Our plan for the summer took a detour. The original plan was to enjoy the sea for the hot months somewhere in our travels. We thought a month on the sunny Mediterranean island of Crete for July and then a stay in August on the mountainous Atlantic island of Madeira off the coast of Africa would be perfect.
Anyone who, like us, grew up far from the ocean might understand our longing to spend a seaside summer. All we had to do was figure out how to get from Crete to Madeira.
That’s when detouring to Rome stepped in. The cheapest flights from Crete to Madeira stopped in Rome. Really? Well, in that case…. Why not stop in Rome for a few days? No seaside there, but, you know, break up the long flight? So, we wedged in five days in Rome, between Crete and Madeira.
We’ve been to Rome before so (we thought) this should be an easy transition. Maybe not. And the transition to Madeira after Crete should be simple. Maybe not as easy as we thought.
On Crete we lived in a very small studio close to the sea, a great AirBnB find. We easily explored the small town from one end to the other and spent many days at the beach. We enjoyed cooking again – using the many wonderful fruits and vegetables grown on the island. When we did go out to eat, a glass of raki was always offered at the end of the meal.
In Rome we stayed in a small hotel room in the heart of the city. We navigated traffic on the urban streets, and the city was too large to explore end to end on our daily walks. The hotel served huge breakfasts (too early), and we dined in the evening at trattorias. Fewer vegetables and little fruit were offered. Now we dined on pasta. Limoncello was served at the end of the meal. Who could resist the occasional gelato?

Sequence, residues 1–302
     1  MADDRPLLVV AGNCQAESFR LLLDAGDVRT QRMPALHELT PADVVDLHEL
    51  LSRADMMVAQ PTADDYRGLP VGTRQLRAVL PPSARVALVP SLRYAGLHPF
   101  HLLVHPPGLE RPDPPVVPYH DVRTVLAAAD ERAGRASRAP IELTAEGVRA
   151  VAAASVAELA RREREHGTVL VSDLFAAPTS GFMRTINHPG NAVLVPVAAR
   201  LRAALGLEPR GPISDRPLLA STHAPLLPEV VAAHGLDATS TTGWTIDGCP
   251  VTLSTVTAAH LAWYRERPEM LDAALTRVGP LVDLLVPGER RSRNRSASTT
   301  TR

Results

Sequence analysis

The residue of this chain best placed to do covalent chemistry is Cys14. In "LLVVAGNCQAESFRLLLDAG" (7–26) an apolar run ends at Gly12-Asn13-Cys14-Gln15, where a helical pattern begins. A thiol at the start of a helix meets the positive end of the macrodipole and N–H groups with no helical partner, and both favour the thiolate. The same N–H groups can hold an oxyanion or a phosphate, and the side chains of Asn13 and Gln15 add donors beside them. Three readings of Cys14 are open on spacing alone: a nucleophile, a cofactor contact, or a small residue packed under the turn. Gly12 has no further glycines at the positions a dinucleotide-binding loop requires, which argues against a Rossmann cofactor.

In Madeira we settled into a very large 2-bedroom, 2-bathroom AirBnB, so large we don’t know what to do with so much space. A large balcony looks out to a panoramic view of the harbor and the ocean. The small city, Funchal, clings to the mountainsides, and its verticality will make it impossible for us to fully explore it, while we’re here. That’s ok; it’s beautiful. The grocery store’s most prominent offering is seafood, with stacked piles of dry salt cod rising up by the shelf-full. Vegetable choices are limited, compared to Crete. The after dinner drink is (naturally) Madeira wine.
Crete, Rome, and Madeira are politically and culturally European, but our experience shows how very different they are. We have enjoyed those differences. That took us by surprise. Who knew? Adjusting to differences and enjoying the differences is what makes travel so interesting. In that sense, upcoming transitions produce anticipation, rather than stress.